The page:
The genius of the Paranormal Activity series is the sheer simplicity of them. As anyone who has seen any of the series installments will know, the entire movie is made up of “home videos” that are filmed in a seemingly ordinary homes. It could very well be yours.
Paranormal Activity 3 follows the same family as the previous two films, but in a way also serves as an origin story. Set in 1988, the plot follows sisters Katie and Kristi when they are little (the first movie is about Katie, the second about Kristi when the two are older). The sisters’ mom is dating Dennis, who happens to be a wedding videographer. When strange things begin to happen after Kristi meets an invisible friend in the house called Toby, naturally Dennis decides to set up cameras around the house to see what the deal is.
The now familiar formula begins with freaky happenings at night. However, this particular installment of the series has many spine-chilling thrills that are quite unexpected, including many unexpected timings of spirit interference. The very angry spirit in the house attacks at night, during the day and, in total, much more than the audience saw in the first movie of the series. Seriously, this spirit has anger issues.
Overall, this movie was well done. Basically that means it was terrifying. As a moviegoer who has never seen a scary movie before in theaters, I can safely say you will get your thrills with this movie, as I audibly screamed on several occasions. As this is Hamilton and I saw this on a weekday, my friend and I were the only ones in the theater. But in an audience full of people, I’m sure the theater would be filled with screams and jumps. With just two of us, needless to say there were many “Holy @#%!, what’s going to happen, I know something’s going to happen!!” exclamations.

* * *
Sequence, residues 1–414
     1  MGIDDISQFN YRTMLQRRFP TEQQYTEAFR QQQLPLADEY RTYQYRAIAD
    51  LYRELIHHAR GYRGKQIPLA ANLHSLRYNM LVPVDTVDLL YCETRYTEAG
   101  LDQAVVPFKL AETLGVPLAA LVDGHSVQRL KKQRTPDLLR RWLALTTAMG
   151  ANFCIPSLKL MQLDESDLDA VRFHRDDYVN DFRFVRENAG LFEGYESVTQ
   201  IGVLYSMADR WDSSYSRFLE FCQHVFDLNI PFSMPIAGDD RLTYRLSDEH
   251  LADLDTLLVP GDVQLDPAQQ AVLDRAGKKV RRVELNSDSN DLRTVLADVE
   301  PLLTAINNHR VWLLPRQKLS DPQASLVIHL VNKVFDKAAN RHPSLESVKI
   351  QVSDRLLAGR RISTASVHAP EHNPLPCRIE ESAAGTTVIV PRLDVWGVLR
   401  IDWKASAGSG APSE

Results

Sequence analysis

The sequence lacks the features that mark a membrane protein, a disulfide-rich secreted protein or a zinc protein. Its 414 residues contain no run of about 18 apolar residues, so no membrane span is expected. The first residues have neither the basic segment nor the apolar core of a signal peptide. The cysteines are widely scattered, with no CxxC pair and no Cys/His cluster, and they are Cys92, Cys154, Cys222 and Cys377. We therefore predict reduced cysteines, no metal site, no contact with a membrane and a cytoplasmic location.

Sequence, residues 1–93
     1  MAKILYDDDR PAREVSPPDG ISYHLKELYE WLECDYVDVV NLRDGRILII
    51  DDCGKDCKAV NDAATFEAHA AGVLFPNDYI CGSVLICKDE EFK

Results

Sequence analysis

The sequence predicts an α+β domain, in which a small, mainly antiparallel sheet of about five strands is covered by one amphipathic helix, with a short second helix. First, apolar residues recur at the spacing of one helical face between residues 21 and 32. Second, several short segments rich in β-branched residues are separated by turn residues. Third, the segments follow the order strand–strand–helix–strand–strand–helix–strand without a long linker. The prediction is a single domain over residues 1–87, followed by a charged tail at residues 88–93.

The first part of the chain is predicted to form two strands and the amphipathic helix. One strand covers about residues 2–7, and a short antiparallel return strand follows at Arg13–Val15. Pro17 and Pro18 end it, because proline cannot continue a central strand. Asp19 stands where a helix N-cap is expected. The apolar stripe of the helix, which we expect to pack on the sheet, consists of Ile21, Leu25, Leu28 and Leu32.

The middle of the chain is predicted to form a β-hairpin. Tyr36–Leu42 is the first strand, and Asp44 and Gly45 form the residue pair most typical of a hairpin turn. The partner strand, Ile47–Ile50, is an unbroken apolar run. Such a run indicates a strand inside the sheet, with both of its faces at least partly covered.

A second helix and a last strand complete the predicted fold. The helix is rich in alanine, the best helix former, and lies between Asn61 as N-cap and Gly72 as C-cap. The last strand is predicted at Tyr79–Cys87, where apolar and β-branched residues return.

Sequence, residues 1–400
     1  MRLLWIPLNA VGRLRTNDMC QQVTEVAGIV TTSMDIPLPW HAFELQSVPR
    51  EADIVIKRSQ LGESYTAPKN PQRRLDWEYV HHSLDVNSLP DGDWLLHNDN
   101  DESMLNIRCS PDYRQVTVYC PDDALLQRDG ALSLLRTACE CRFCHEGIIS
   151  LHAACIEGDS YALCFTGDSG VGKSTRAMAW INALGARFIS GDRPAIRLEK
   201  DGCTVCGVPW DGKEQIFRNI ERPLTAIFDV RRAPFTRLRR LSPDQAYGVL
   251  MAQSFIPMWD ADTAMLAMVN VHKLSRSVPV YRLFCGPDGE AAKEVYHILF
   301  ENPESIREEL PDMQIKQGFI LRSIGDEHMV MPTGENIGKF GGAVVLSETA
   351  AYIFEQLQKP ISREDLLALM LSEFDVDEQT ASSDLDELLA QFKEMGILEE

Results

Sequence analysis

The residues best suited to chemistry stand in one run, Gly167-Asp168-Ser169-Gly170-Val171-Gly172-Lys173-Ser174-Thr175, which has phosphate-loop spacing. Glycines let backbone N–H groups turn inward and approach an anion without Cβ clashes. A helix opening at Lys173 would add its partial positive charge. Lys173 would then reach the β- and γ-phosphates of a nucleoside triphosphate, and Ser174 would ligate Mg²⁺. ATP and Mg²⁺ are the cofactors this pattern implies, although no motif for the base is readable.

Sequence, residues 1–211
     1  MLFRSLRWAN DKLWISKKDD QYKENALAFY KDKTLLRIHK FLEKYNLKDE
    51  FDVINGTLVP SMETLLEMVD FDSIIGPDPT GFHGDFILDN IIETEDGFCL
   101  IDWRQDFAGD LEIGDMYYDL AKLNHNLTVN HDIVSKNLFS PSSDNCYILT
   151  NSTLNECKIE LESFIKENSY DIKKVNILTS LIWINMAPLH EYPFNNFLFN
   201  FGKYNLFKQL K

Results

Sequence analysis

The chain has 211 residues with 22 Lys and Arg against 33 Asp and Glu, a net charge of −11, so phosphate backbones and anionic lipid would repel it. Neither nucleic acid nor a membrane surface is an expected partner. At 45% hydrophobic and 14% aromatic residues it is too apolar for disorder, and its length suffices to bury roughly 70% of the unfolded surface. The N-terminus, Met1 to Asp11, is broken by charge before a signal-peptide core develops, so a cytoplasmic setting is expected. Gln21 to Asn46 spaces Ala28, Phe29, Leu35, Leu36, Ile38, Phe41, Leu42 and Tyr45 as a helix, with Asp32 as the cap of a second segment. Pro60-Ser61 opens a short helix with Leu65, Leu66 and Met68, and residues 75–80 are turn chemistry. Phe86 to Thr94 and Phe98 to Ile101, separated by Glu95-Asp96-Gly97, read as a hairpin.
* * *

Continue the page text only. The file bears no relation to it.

Other than the thrills of the movie, the plot line seemed a bit much – based on the previous movies, Katie and Kristi are not supposed to remember what happened to them when they were young, only that strange things have happened to them before. Based on what happens to them in the movie, I wouldn’t be so quick to completely forget. But the filmmakers thought of some clever things to keep the audience from ever fully looking at the screen. This included one placement of a camera in the house that was set on a modified oscillating fan. The camera shot kept switching in between two rooms at a slow and even pace, which of course meant that it slowly panned to some terrifying sight you weren’t originally aware of.
Overall, this film is a perfect example of the saying “if it ain’t broke, don’t fix it.” Even though it’s very similar to the first two films in terms of format, there are some very unexpected scares (including the result of the “Bloody Mary” legend. Needless to say it’s to be watched only through trembling hands covering your face). Some of the novelty of the filming may have worn off, but largely the film is still a spine-tingling – and outright screaming – delight.
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